DBT Consultation Team. Therapists offering adherent DBT attend a weekly meeting with other DBT clinicians where they specifically and exclusively talk about DBT cases. This “consultation team" is designed to help the therapists provide adherent DBT. While therapists may talk about their clients during team meetings, discussion is focused on the therapists (rather than the client) and what they need to do to be the best DBT therapists they can be.

Not All DBT Is Created Equal Virtual Therapy Appointment

Is Adherent DBT Really Necessary?

Adherent DBT requires a pretty hefty commitment in time, energy, and (sometimes) money. While some clients will see the most benefit from adherent DBT, many people don't need the comprehensive treatment. There are many books, videos, and self-learning resources available for learning DBT skills in ways that are cheaper and easier to access than comprehensive DBT.

Research shows that just learning DBT skills can improve mental health for a lot of people, though it’s still unclear who exactly benefits most from comprehensive DBT versus DBT skills alone. People with BPD, those who self-harm, use substances heavily, experience frequent dissociation, or have other impulsive behaviors that cause harm, are likely to benefit more from comprehensive DBT than “DBT-informed” therapy. Of course, anyone can choose to participate in comprehensive DBT if they believe that increased structure, accountability, or one-on-one guidance will help them. An individual therapist could help you decide what treatment is best for your specific needs.

The Psychology Today Therapy Directory is one of the most comprehensive places to find a therapist online. There are specific questions you can ask a potential therapist to determine if they provide adherent DBT. I will write a future blog post about these questions!

Kiki Fehling, Ph.D., - Website -


Panos, P. T., Jackson, J. W., Hasan, O., & Panos, A. (2014). Meta-analysis and systematic review assessing the efficacy of dialectical behavior therapy (DBT). Research on Social Work Practice, 24(2), 213-223.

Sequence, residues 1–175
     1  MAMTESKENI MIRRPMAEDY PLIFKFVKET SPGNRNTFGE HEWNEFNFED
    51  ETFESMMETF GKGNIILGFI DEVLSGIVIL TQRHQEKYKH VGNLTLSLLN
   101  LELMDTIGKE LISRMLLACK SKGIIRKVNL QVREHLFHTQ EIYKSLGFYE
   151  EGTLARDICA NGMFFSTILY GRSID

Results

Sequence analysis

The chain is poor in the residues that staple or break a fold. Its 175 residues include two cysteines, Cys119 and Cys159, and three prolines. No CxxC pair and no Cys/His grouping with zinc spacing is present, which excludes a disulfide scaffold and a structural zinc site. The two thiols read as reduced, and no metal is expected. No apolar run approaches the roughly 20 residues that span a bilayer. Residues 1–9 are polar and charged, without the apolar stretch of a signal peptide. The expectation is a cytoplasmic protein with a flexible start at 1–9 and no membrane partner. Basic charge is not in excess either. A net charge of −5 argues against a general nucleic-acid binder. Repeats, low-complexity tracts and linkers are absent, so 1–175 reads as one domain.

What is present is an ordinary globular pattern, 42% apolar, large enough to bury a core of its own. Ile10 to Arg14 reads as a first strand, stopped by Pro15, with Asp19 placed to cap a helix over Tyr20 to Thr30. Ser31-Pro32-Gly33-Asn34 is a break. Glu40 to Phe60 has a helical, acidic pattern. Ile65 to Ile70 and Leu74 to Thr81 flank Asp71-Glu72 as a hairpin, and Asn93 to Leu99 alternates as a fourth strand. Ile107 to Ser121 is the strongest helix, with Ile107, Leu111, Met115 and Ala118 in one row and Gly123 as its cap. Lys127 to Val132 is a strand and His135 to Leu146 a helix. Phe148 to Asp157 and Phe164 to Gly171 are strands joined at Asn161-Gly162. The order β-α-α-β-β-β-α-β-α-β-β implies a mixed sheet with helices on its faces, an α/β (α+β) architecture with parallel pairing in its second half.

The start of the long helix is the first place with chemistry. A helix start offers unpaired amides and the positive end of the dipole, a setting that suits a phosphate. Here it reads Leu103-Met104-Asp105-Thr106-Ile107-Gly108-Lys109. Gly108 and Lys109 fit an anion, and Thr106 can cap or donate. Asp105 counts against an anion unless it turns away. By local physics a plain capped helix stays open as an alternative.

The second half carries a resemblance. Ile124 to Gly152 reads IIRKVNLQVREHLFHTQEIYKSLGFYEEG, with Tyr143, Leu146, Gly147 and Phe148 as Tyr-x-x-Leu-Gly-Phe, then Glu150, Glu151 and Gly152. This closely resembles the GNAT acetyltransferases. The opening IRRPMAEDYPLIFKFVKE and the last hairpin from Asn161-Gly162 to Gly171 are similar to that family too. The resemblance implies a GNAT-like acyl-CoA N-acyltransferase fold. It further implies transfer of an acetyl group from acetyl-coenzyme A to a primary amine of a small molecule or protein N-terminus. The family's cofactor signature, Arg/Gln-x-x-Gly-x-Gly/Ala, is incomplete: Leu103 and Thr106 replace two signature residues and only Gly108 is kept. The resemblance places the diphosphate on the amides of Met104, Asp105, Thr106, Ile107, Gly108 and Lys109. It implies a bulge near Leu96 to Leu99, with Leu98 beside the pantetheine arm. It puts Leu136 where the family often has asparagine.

Haktanir, A., & Callender, K. A. (2020). Meta-analysis of dialectical behavior therapy (DBT) for treating substance use. Research on Education and Psychology, 4(Special Issue), 74-87.

Harned, M. S., Korslund, K. E., & Linehan, M. M. (2014). A pilot randomized controlled trial of dialectical behavior therapy with and without the dialectical behavior therapy prolonged exposure protocol for suicidal and self-injuring women with borderline personality disorder and PTSD. Behaviour research and therapy, 55, 7-17.

Fleming, A. P., McMahon, R. J., Moran, L. R., Peterson, A. P., & Dreessen, A. (2015). Pilot randomized controlled trial of dialectical behavior therapy group skills training for ADHD among college students. Journal of attention disorders, 19(3), 260-271.

Ben-Porath, D., Duthu, F., Luo, T., Gonidakis, F., Compte, E. J., & Wisniewski, L. (2020). Dialectical behavioral therapy: an update and review of the existing treatment models adapted for adults with eating disorders. Eating Disorders, 28(2), 101-121.

Harned, M. S., Schmidt, S. C., Korslund, K. E., & Gaglia, A. (2023). Therapist adherence to Dialectical Behavior Therapy in routine practice: Common challenges and recommendations for improvement. Journal of Contemporary Psychotherapy.

Harned, M. S., Gallop, R. J., Schmidt, S. C., & Korslund, K. E. (2022). The temporal relationships between therapist adherence and patient outcomes in dialectical behavior therapy. Journal of Consulting and Clinical Psychology, 90(3), 272.

Linehan, M. M. (1993). Cognitive-Behavioral Treatment of Borderline Personality Disorder. New York: Guilford Press.

Valentine, S. E., Bankoff, S. M., Poulin, R. M., Reidler, E. B., & Pantalone, D. W. (2015). The use of dialectical behavior therapy skills training as stand‐alone treatment: A systematic review of the treatment outcome literature. Journal of clinical psychology, 71(1), 1-20.

© 2023 Dr. Kiki Fehling. The information in this post is for psychoeducational purposes, and it is not a substitute for the professional advice provided by your licensed mental health provider.